Of course there aren't any trace files that are relevant, because the workload (as you said) is caused by concurrent managers. You would need to look at the .out and .log files for the concurrent requests. But anyway, I've told you what to do: adjust the number of processes each concurrent manager can launch, and assign them to different workshifts.
Thank you very much for your reply - but we need to understand "which SQL's were causing high memory" - then we can co-relate the modules and assign those concurrent managers to a different workshift .. it cant be done in trial / error fashion ... Just wanted some systematic approach here ...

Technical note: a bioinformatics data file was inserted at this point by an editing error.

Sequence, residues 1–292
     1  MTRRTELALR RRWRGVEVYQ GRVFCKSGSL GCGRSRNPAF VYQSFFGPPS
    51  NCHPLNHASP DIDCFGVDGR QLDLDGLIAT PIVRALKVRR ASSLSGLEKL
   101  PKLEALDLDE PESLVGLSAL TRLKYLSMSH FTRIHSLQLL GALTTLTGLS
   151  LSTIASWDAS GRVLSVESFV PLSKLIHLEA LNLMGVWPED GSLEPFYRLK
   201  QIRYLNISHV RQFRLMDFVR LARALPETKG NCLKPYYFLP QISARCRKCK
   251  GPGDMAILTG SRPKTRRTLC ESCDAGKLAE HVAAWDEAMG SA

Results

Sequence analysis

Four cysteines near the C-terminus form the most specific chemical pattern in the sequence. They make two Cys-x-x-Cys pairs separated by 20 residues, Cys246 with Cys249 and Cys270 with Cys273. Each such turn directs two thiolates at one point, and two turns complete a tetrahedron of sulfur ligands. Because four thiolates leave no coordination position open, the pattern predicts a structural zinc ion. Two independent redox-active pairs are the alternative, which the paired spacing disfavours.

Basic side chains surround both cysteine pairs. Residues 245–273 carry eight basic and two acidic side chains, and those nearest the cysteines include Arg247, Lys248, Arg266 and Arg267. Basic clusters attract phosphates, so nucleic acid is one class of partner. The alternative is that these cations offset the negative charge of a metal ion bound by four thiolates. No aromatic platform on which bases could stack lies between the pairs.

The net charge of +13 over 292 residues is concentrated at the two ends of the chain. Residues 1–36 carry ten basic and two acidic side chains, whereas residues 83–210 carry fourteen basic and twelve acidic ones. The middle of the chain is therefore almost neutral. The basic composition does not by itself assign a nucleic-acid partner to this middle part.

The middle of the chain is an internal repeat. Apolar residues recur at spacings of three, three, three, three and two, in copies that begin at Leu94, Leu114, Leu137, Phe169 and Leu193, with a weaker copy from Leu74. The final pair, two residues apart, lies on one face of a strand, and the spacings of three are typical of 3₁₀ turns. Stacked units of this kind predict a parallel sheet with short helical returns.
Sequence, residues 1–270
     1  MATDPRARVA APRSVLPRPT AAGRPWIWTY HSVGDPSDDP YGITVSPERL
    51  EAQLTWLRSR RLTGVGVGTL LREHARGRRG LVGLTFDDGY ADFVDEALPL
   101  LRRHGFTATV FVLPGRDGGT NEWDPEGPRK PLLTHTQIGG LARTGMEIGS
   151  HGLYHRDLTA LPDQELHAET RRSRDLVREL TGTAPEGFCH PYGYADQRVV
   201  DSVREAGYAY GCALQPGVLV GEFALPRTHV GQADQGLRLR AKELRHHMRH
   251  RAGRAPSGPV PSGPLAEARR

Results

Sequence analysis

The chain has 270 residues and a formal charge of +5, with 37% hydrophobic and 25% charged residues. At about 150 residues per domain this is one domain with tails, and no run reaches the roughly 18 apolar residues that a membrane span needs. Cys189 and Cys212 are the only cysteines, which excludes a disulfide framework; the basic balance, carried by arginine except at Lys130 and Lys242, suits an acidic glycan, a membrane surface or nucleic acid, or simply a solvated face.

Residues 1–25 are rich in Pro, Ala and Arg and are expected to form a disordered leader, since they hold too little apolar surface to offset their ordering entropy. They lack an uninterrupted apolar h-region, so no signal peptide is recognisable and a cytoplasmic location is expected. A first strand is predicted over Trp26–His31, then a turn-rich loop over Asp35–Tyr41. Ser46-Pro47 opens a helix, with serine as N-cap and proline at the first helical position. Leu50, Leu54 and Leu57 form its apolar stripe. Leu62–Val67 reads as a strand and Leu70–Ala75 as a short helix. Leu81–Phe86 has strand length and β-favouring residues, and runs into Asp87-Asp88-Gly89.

Some times we do find tracefiles related to process ids .. but its strange i didnt find anything .... very unfortunate.
I am posting the PGA Stats : - Please advise if you find anything unusual here ...
PGA Aggr Target Stats
• B: Begin snap E: End snap (rows dentified with B or E contain data which is absolute i.e. not diffed over the interval)
• Auto PGA Target - actual workarea memory target
• W/A PGA Used - amount of memory used for all Workareas (manual + auto)
• %PGA W/A Mem - percentage of PGA memory allocated to workareas
• %Auto W/A Mem - percentage of workarea memory controlled by Auto Mem Mgmt
• %Man W/A Mem - percentage of workarea memory under manual control
PGA Aggr Target(M) Auto PGA Target(M) PGA Mem Alloc(M) W/A PGA Used(M) %PGA W/A Mem %Auto W/A Mem %Man W/A Mem Global Mem Bound(K)
B 2,000 1,638 316.88 1.45 0.46 100.00 0.00 204,800
E 2,000 1,002 2,408.62 1,316.59 54.66 100.00 0.00 204,800